1 of 1 people found the following review helpful
Would You Like Some Pesticide with Your Meal?,
This review is from: The War on Bugs (Paperback)
Farming is a important component of the world economy and it ranks as the most important in terms of human survival. Food is vital to the continuance of any species and with multiple billions of individuals inhabiting the planet, the volume of food needed to sustain the population is staggering. In order to protect crops and better ensure that food continues to be produced in massive quantities, chemical companies and government collaborators have created all sorts of chemical compounds to eliminate insects and the use/misuse of these chemicals and other questionable practices forms the basis of this book, the War on Bugs, a book written by a man who has extensive experience in organic farming and is concerned that the chemicals intended to kill bugs are much too toxic and could pose a threat to humans.
Growing large amounts of food is much more challenging then it was in the past. It is also more critical, since there are far fewer farmers producing much larger volumes of food then at any point in history. In order to facilitate this transformation from small, family farmer to large, mega- farm, chemical compounds were created to help fend off insects and other pests. Many of these compounds are potentially very harmful, but big businesses continue to manufacture these compounds and sell them to farmers for direct use on crops. To make matters worse, governments are often co- conspirators; encouraging the use of these poisons to control insects while completely ignoring the long- term impact on the health of the citizens.
Pesticides are one of the main items discussed in this book, but they are only one part of the problem. There is also the issue of growth hormones used in cattle and other livestock, as well as genetically modified organisms to improve crop and livestock yields and thus increase profits. Governments have, for the most part, turned a blind eye to these practices. The use of such artificial and potentially dangerous means to increase profits is well- established and health experts of different stripes have come forward and issued harsh warnings about their long- term effects on humans. But governments have joined forces with big business and erred on the side of practicality. These chemicals and modifications to foods could very well have harmful side effects, but government officials feel they are important to the production of mass quantities of food and thus they have decided to ignore the problem or pretend that no problem exists.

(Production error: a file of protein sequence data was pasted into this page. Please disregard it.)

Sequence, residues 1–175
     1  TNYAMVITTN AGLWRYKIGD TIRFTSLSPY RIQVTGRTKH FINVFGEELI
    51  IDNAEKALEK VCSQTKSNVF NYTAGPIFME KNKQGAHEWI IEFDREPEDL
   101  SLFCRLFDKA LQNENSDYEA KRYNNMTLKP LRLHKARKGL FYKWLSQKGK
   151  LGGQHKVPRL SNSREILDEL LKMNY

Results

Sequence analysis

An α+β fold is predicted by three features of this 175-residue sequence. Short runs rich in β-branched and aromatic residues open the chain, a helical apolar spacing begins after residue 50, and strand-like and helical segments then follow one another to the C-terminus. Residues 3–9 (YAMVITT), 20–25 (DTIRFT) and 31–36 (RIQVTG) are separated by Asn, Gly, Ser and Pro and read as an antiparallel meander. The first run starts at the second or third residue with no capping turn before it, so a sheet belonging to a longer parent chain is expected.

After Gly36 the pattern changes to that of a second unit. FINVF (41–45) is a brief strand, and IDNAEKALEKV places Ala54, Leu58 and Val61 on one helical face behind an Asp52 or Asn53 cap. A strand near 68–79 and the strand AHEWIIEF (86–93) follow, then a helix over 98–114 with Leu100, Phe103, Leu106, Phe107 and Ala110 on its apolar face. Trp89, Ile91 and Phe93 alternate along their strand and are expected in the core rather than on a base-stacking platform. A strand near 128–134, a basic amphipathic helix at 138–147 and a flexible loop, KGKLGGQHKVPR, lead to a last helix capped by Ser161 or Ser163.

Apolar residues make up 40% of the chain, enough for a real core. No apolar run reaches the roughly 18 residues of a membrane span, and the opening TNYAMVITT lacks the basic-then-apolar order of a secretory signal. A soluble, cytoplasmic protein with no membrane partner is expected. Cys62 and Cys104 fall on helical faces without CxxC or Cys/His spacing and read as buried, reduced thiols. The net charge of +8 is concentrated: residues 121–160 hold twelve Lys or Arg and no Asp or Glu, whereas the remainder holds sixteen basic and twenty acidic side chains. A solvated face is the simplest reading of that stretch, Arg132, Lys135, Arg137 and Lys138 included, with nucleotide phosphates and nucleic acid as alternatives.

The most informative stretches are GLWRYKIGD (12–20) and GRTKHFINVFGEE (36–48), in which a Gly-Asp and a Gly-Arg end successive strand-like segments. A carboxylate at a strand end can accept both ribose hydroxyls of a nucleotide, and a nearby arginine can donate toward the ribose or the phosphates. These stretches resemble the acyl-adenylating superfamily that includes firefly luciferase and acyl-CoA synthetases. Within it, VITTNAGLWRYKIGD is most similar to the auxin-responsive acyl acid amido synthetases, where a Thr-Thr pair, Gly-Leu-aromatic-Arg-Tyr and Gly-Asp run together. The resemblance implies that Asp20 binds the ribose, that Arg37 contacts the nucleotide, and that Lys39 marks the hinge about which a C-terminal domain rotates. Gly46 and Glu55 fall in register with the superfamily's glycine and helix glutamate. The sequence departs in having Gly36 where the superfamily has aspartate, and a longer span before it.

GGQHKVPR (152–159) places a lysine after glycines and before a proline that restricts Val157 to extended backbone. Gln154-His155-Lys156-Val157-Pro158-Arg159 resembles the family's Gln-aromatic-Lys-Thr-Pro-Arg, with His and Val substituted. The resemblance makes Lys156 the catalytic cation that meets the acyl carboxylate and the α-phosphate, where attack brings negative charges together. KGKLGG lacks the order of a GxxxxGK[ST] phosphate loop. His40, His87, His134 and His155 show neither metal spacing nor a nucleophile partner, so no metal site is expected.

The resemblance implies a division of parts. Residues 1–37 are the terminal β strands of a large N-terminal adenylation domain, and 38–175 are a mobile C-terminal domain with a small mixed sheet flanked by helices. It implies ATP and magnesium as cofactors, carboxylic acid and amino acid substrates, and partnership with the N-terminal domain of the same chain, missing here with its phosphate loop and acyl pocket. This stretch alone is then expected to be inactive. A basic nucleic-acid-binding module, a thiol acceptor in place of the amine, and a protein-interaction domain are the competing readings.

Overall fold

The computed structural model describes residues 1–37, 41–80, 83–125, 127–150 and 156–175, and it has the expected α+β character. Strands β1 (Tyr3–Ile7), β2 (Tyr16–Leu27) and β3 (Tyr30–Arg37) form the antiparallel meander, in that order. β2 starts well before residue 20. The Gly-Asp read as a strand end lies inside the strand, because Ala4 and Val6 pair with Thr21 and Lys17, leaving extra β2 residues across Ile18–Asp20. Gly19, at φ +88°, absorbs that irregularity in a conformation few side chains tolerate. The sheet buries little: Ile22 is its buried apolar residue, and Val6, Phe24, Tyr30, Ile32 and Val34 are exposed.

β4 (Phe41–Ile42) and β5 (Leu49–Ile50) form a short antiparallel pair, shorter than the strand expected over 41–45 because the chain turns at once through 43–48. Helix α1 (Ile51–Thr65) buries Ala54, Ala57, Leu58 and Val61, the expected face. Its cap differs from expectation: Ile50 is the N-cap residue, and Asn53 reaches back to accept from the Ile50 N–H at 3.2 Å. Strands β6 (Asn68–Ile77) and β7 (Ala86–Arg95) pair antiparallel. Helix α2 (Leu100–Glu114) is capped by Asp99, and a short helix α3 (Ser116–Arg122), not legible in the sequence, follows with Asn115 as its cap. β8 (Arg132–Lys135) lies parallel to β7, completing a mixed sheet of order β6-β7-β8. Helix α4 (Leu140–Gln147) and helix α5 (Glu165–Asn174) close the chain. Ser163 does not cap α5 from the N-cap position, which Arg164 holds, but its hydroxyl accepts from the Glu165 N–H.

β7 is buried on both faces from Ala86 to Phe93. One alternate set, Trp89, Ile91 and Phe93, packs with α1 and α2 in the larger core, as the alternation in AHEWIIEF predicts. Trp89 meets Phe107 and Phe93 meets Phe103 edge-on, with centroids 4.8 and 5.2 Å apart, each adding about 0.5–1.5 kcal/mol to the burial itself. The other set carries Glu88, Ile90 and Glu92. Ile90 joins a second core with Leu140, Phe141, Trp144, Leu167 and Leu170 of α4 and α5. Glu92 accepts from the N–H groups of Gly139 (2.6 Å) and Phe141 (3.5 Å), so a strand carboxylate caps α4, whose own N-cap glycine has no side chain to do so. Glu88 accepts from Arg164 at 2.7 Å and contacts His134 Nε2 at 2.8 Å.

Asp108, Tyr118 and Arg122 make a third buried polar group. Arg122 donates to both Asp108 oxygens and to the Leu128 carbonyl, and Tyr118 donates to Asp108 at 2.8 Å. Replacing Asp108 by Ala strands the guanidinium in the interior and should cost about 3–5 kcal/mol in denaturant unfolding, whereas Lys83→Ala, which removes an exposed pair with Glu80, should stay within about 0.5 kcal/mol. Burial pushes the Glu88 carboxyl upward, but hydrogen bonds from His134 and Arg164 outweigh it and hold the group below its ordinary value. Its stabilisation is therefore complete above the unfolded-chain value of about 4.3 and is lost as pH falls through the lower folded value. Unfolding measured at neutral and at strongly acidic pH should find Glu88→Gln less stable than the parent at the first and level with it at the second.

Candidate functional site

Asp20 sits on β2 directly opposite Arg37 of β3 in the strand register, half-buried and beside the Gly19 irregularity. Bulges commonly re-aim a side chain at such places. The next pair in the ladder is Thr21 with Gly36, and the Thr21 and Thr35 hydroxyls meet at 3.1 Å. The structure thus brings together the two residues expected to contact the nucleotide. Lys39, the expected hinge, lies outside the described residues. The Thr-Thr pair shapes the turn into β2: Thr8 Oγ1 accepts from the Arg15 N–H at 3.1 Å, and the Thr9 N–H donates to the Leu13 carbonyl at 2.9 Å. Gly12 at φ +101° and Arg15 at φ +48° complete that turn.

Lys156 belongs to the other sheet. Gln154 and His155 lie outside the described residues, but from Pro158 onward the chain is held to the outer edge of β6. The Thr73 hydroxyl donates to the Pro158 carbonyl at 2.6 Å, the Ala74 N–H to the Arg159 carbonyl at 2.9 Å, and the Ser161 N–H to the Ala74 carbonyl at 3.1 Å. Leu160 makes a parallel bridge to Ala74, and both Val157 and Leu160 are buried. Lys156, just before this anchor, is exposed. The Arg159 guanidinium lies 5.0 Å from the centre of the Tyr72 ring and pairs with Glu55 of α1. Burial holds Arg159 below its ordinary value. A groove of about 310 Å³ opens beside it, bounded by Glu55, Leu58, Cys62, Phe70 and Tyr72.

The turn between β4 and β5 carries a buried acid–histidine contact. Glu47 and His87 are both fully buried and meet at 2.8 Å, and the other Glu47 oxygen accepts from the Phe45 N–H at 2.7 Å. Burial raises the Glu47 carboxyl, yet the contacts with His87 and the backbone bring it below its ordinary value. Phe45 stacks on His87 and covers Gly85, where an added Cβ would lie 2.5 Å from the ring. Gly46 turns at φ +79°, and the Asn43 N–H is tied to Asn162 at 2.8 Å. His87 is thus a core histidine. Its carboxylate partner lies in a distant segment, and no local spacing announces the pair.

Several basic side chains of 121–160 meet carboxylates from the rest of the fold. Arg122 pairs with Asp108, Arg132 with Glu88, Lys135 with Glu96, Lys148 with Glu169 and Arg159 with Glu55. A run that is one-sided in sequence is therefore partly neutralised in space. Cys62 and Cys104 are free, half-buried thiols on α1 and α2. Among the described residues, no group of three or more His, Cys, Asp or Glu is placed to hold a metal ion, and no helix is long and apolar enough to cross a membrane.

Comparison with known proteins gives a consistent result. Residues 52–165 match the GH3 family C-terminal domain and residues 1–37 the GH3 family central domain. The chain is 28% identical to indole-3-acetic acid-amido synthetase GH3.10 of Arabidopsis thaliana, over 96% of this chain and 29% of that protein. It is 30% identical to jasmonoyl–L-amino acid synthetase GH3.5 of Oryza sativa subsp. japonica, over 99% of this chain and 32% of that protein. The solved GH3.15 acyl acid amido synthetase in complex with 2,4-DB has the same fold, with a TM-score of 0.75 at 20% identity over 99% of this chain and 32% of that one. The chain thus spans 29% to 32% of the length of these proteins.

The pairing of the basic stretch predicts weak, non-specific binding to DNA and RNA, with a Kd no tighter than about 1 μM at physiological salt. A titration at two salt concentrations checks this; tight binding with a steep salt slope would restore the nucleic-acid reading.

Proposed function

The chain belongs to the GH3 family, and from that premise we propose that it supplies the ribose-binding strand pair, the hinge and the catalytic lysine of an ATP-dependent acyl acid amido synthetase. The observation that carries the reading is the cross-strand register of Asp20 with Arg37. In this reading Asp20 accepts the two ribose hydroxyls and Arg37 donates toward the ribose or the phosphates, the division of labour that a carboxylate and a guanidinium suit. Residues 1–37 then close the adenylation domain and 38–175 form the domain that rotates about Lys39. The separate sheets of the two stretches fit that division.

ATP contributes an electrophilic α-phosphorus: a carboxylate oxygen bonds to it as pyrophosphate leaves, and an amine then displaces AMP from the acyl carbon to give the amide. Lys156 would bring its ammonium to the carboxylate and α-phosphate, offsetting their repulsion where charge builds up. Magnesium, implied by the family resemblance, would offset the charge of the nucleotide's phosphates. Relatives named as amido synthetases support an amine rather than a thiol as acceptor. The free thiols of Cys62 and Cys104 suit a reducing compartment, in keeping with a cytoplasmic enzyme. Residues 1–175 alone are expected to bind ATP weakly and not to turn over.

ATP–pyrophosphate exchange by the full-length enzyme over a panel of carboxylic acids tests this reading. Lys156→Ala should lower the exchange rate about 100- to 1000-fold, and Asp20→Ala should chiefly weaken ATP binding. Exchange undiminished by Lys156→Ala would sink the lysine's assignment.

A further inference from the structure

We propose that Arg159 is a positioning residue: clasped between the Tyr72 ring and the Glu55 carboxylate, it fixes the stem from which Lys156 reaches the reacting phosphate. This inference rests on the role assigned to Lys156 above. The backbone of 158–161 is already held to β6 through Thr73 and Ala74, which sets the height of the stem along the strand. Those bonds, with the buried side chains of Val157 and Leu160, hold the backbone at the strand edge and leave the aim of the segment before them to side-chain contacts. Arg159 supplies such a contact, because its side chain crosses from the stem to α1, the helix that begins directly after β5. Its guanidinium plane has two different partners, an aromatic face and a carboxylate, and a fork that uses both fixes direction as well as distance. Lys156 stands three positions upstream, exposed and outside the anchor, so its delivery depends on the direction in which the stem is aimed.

Chemical and other businesses have utilized many different tools to hook farmers on the supposed necessity of these potentially dangerous means to improve crop yields and this book details many of them, from the deceptive advertisements to scare tactics intended to convince farmers that they will be headed toward bankruptcy if they do not accept these chemicals and other modifications into their business. The repercussions of these activities have not yet been fully realized, but the author is convinced that humans will pay for these abuses in due time unless we act now and demand that business and governments clean up their act.